By on December 10, 2019

2020 Hyundai Sonata N Line

We all have that one friend who puts Tabasco sauce on everything. Even foods that aren’t meant to be spicy are doused – this person has to give their food a kick.

Hyundai’s 2020 Sonata N Line is sort of the midsize sedan equivalent of that.

I flew to Arizona to test the redesigned 2020 Hyundai Sonata, and while there I got a surprise – I’d be driving an N Line prototype part of the way back to the hotel from lunch.

(Full disclosure: Hyundai flew me to Scottsdale, Arizona and paid for my room and board so that I could drive the new Sonata and Sonata N Line. They offered sunglasses, which I did not take.)

There’s a difference between N Line and N models at Hyundai. N versions are supposed to be full-zoot, high-performance models while N-Line cars are meant to be spiced-up versions of mainstream models. In other words – if the cars were labeled the way wing joints name the variations of their chicken, the mainstream car would be labeled mild, the N-Line car spicy, and the N car atomic.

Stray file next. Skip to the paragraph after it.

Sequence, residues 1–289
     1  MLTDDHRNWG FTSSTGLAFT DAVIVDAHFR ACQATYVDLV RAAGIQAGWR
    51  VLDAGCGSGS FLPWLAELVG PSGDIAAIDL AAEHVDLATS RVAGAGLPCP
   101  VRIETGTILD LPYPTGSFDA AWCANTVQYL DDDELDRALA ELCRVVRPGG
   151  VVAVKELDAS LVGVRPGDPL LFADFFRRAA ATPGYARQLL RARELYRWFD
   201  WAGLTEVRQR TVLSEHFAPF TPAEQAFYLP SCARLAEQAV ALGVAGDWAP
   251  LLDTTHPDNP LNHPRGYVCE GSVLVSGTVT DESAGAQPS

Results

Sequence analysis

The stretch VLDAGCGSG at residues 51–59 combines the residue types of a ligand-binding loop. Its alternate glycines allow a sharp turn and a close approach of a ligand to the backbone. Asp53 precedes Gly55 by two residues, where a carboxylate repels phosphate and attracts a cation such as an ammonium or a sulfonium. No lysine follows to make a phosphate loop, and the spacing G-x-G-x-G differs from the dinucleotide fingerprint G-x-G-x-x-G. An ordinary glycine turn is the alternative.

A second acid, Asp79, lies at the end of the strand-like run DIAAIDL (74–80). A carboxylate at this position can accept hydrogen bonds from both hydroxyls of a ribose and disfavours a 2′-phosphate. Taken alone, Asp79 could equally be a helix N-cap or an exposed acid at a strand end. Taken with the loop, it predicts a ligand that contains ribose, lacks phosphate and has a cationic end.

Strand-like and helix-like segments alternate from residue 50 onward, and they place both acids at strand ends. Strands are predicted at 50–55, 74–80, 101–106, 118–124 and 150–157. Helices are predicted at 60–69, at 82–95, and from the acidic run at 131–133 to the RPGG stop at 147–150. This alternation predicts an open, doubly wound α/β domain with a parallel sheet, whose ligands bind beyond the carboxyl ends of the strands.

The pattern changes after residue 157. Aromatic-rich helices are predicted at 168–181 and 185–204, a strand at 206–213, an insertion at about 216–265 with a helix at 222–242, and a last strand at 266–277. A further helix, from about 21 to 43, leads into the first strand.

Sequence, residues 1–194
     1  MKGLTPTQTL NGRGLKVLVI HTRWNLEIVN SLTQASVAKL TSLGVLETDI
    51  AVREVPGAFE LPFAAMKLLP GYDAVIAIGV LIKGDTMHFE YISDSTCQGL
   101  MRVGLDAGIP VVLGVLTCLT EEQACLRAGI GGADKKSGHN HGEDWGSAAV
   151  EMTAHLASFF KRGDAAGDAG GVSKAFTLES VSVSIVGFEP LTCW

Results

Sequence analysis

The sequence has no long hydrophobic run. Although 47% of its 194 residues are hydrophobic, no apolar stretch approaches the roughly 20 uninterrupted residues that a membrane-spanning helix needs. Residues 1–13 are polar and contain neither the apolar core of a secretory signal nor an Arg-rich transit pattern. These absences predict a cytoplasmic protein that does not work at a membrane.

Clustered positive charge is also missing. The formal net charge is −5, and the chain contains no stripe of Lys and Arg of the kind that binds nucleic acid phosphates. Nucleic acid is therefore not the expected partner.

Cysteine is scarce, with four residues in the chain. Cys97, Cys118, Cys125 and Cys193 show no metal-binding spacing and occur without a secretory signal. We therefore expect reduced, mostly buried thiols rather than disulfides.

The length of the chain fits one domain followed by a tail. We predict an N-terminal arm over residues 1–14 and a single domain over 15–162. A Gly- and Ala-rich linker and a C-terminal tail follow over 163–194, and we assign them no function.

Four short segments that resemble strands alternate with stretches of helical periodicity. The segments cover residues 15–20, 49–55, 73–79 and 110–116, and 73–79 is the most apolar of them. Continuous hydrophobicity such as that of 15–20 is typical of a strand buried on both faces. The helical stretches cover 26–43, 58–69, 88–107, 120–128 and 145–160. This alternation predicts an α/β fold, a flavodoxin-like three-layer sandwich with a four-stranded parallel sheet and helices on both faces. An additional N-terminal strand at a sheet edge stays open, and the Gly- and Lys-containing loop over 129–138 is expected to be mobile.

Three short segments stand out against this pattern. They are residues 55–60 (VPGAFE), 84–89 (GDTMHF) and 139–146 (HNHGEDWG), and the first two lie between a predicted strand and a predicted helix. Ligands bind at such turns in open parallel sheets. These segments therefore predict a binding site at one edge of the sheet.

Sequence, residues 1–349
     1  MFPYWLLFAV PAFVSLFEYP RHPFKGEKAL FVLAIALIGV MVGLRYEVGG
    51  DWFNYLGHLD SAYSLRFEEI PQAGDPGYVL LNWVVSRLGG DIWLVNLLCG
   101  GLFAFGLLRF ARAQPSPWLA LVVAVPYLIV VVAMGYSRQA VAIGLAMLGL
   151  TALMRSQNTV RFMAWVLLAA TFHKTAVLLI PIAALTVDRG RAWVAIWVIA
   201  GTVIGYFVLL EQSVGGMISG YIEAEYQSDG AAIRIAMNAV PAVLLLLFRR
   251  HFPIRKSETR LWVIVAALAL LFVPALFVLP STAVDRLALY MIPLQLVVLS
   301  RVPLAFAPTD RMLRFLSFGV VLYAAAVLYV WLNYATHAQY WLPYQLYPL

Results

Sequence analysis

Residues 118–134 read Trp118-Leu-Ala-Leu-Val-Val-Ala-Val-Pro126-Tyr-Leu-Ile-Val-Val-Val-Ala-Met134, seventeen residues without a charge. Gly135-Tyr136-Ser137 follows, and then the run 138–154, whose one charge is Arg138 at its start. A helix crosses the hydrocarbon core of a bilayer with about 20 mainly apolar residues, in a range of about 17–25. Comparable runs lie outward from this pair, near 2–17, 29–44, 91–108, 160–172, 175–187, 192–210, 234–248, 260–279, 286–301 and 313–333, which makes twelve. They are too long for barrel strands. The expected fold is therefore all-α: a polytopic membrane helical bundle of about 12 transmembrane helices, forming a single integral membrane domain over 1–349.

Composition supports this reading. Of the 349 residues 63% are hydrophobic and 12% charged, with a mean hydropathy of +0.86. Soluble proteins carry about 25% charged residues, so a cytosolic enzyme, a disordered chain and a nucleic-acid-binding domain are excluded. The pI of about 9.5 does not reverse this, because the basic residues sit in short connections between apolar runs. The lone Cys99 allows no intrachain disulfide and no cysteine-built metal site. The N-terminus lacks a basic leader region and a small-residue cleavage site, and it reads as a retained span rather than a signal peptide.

Powered by a 2.5-liter turbocharged gasoline direct-injection four-cylinder that makes an estimated 290 horsepower and 310 lb-ft of torque, the N Line is meant to spice up the somewhat sedate Sonata. Company reps confirmed that a full N Sonata is not in the works.

Other than the engine, the N-Line’s goodies include an eight-speed dual-clutch automatic transmission, quad exhaust tips, wider 19-inch wheels, a stiffer suspension, and active torque vectoring. Continental summer tires or Pirelli all-seasons are the rubber choices, and the car is slightly lower than the regular Sonata. There’s no limited-slip differential, and like the regular Sonata, the N Line is front-wheel-drive only. Stronger brakes will be part of the package.

The drive modes are a bit different: drivers choose from Sport, Sport +, Custom, and Normal.

Hyundai Sonata N Line

On the road, the extra power was immediately noticeable – which is a development as surprising as the sun rising in the east. Sport and Sport + modes make the car feel even more responsive, at least in terms of acceleration. My drive partner did light the wheels up nicely pulling away from a stoplight, so the extra kick from the 2.5T is appreciated.